Essentially, proceedings in absentia constitute a fragile compromise between two conflicting instances: the right of the accused to be tried in his presence and to defend himself in person, on the one hand, and the need not to subjugate the judicial system to the failure or refusal of the accused to be present at trial on the other. The right of the accused to be present at trial is a fundamental safeguard to the principle of fairness of criminal proceedings and is enshrined in Article 14(3)(d) of the International Covenant on Civil and Political Rights as well as in all major regional human rights conventions. When derogating from such a crucial right, proceedings in absentia are supposed to be compensated by the possibility, for an absentee arrested or surrendering in the course or after the conclusion of the in absentia trial, to request the termination of the current proceedings and initiate a new trial in his presence. The right to retrial is provided in Article 22(3) of the STL Statute and in Rules 108 and 109. Importantly, all other rights accorded to an absentee defendant and the procedure governing the in absentia trial are exactly the same as if the accused were physically present before the bench.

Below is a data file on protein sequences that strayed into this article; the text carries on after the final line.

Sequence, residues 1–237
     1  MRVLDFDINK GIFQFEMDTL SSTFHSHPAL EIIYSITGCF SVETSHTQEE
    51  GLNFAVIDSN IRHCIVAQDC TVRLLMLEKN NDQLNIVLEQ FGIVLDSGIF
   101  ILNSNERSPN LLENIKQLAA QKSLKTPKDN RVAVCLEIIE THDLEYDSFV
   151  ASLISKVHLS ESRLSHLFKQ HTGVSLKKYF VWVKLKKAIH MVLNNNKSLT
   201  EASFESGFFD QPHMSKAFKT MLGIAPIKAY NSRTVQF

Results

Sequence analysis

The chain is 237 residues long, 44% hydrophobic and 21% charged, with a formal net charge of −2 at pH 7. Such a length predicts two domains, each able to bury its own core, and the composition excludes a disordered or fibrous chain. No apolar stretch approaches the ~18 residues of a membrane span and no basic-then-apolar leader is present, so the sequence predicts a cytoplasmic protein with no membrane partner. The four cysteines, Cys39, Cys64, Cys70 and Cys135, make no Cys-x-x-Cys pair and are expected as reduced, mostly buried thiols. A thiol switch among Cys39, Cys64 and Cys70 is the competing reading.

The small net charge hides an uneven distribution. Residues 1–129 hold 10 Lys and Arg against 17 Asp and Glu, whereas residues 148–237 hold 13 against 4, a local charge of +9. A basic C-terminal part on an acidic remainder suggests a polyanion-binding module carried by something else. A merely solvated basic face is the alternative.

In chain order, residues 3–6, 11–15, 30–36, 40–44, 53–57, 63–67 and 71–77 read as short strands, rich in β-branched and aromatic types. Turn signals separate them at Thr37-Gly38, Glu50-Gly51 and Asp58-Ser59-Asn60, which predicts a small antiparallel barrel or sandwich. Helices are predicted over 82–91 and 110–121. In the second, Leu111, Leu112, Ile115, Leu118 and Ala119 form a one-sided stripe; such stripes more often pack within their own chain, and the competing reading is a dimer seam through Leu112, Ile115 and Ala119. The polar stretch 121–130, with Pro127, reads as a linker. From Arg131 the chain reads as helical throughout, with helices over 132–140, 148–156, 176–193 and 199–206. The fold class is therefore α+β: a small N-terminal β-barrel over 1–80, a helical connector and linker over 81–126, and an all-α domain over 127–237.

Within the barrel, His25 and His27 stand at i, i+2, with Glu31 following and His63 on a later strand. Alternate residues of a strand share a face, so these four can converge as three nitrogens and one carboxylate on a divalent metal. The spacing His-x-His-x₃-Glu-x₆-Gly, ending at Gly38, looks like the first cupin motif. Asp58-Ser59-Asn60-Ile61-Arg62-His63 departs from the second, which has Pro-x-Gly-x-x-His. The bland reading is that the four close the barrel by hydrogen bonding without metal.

For the time being, it is only possible to make some speculations on the scenarios which are likely to materialize in the forthcoming weeks, based on the little publicly available information. In his submissions to the Trial Chamber, the prosecutor argued about the inappropriateness, at this stage, of commencing proceedings in absentia against the four accused. His observations reveal that there exist two different situations to date.